My Grandmother, Henrietta Spruhan was born on January 31, 1894, in Illinois to Caroline “Carrie” Baur, age 30, and Henry Joseph Spruhan, age 36. Henrietta Spruhan married my Grandfather George Kellogg Hess on June 25, 1921, in Chicago, Illinois, when she was 27 years old.
At some point during her childhood, Henrietta and her family had moved to New Jersey. My records show that New Jersey was her residence when she was 16 years old. She moved back to Chicago, Illinois at some point before age 26. When she died in 1984 at the age of 90, she was residing in Florida.
Henrietta had 3 siblings. Her sister Mary Edith perished in 1890 before Henrietta had been born. This infant sister was only 1 year old at the time of her decease. Henrietta had an older brother, Garrett Denny Spruhan who was born in 1891 and died at the young age of 27 years old in 1918. He died from influenza during the great influenza pandemic while stationed in Camp Taylor, KY. Garrett left behind a wife and infant daughter. Henrietta’s other sibling was 6 years her junior, this sister was named Josephine. Josephine would live until the age of 76 she died in 1975.
Sadly, Henrietta contracted polio while in the 8th grade. By 10th grade, she had abandoned her crutches, but was left battling some aftermaths of the disease throughout life. She had told the story in this way, that she went with her family to a hospital to visit a sick person, and it was just shortly after that, when she was struck by polio. In her mind, the connection was made.
She was extremely educated! She graduated from the Chicago Musical College in 1914. She was an accomplished pianist. Later in life when Henrietta moved to the Hess family farm in Michigan with her husband and sons, the first thing she requested was a baby grand piano.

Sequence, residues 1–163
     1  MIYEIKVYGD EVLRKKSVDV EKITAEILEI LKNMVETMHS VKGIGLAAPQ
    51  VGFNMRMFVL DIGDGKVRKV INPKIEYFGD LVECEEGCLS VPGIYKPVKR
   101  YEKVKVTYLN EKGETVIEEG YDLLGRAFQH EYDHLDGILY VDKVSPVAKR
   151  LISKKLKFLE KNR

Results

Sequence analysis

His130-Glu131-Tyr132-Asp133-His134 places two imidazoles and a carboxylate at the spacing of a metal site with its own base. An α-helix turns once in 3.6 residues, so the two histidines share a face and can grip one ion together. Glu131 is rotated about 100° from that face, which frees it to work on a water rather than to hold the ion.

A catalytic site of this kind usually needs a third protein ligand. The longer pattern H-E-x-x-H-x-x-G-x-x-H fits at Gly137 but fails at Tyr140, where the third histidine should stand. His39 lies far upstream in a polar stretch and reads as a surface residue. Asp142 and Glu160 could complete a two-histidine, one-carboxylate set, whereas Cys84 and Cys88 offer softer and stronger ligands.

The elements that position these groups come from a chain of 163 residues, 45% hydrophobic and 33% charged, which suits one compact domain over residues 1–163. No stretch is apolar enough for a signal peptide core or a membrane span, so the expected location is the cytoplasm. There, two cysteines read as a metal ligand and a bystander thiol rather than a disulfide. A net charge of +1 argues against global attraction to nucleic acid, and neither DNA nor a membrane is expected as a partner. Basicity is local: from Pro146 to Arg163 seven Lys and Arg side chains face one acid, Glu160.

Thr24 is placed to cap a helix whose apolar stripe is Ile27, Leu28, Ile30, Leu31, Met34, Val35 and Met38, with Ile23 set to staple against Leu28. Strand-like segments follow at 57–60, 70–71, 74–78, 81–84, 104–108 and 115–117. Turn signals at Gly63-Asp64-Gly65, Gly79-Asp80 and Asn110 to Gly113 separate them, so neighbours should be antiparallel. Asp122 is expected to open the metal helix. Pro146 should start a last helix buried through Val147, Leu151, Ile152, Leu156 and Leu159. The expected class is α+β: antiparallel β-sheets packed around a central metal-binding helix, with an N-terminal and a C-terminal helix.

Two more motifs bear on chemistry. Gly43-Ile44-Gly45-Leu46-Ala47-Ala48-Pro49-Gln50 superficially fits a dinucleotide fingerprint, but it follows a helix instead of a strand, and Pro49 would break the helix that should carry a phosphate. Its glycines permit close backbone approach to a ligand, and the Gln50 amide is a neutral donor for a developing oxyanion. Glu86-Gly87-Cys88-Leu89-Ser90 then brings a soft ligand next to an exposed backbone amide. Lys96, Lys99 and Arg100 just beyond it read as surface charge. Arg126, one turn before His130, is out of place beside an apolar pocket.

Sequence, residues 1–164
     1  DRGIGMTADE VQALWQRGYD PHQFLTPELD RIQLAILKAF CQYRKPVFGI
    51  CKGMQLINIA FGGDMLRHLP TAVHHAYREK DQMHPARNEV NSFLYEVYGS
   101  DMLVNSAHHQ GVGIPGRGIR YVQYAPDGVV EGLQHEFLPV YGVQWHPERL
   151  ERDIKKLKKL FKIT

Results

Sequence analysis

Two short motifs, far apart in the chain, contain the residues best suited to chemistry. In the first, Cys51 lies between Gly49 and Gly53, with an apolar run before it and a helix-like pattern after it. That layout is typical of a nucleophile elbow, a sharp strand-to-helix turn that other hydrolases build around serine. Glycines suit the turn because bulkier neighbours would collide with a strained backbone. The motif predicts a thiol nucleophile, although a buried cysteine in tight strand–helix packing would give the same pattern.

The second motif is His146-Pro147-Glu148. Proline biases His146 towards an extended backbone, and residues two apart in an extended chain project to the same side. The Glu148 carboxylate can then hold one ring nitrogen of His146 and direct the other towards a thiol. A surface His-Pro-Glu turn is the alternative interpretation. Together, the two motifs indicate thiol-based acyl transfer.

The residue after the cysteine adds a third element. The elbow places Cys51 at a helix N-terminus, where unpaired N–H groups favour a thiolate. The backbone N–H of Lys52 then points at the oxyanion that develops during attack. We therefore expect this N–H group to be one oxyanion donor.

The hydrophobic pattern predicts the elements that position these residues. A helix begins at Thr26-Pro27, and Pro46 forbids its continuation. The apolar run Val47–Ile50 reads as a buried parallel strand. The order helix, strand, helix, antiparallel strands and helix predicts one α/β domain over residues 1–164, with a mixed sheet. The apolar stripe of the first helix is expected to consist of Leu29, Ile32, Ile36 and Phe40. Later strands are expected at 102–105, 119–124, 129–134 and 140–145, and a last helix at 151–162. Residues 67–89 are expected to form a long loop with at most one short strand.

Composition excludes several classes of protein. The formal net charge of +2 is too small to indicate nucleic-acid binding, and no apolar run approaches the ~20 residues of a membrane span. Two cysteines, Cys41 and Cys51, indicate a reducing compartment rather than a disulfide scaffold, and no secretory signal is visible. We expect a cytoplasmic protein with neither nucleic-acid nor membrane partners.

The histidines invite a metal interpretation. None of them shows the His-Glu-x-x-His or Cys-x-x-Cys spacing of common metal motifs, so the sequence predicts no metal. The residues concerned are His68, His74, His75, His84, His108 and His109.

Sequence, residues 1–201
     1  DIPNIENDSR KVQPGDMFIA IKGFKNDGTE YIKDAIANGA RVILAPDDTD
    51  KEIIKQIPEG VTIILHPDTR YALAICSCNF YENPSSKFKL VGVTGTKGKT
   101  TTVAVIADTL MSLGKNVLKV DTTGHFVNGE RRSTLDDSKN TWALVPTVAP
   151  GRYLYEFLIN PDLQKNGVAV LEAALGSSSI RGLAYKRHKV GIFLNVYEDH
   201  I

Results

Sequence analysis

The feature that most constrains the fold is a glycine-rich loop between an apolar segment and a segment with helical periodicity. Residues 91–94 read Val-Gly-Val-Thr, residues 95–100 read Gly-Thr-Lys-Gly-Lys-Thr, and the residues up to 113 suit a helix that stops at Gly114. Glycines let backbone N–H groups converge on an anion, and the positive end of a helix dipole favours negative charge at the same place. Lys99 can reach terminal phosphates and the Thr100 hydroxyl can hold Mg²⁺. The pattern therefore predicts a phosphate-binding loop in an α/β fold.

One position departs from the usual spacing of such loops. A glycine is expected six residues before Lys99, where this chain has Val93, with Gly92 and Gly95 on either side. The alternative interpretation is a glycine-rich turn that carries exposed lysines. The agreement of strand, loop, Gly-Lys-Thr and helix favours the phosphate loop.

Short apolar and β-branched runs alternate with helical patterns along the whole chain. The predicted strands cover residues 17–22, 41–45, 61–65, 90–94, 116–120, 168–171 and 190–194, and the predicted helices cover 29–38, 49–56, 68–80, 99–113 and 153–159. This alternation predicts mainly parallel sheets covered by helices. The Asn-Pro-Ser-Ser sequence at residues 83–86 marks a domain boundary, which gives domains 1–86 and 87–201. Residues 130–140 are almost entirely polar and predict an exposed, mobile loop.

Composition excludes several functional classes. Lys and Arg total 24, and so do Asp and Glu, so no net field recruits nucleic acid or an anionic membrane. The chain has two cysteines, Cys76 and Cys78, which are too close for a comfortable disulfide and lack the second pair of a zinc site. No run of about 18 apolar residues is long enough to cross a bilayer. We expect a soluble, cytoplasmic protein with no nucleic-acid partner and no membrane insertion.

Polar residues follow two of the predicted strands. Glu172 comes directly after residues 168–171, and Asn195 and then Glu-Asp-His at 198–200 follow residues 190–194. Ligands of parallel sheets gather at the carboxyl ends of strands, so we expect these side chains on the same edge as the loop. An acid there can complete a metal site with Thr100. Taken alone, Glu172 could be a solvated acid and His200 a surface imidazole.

They (Henrietta and George Hess, Sr.) moved to the farm in Michigan because two things happened. The first thing that happened was George Sr.’s father Jaun Hess died. The second thing was that my father was a sickly child. His appendix had burst and there was little hope for his life. In a letter that I have from Henrietta to my mother, Henrietta explains that the doctor’s thought the only hope for my father to survive was for him to live in the country. He had to leave the city life in order to regain his health and save his young life. This meant my Grandparents had to “sacrifice” their life style and George Sr.’s excellent engineering job. It was hard for Henrietta to make the transition between the society life with a very advanced education to the life on a farm in Michigan with no background in this type of lifestyle and no peer in Benton Harbor, MI that had her background or life style. The membership in a Baptist church was still not enough to answer some of her losses in this move. One of the first things that Henrietta insisted upon was having the farm made electric. The neighbors regarded this and many of their activities as “haughty”. … Think of it, the young society girl is now helping to run an active Michigan orchard. They wanted to be “modern” and discarded the horses in lieu of tractors (another sore spot with the farms near by.) In fact the local farmers were quite put out by the modern ways of their new neighbors. Migrant workers were called in to make the harvest every year and lived in shacks at the back of the farm. Henrietta somehow came to supervise the operation of the cider mill. My Uncle George Hess, Jr. was called to help with the farm. Because my father was “sickly” he was allowed to work in the kitchen with his mother and do light household chores.
Henrietta was known to be brilliant. Very, very smart! She was knowledgable in several languages. She was devout in her Bible studies, but preferred to read the scriptures in their original Hebrew or Greek. I believe she was also a student of latin!
At some point in her young adult life, she excelled as a typist and was hired to demonstrate the use of the dictaphone. It was always thought that her skill as a pianist had helped her with this occupation. In the 1920 census (she was 26 years old at that time) she listed her occupation as “operator” for a “Dictaphone hardware company.” This was most likely her occupation when she was engaged to my Grandfather, George Kellogg Hess, Sr.
I remember that my Grandparents were ham radio operators. Also, that they had a bomb shelter in their yard…(the types of things a child might remember about relatives that lived quite a distance away?)
Henrietta’s parents had a rich and successful history. I will look forward in future posts to a discussion about their backgrounds.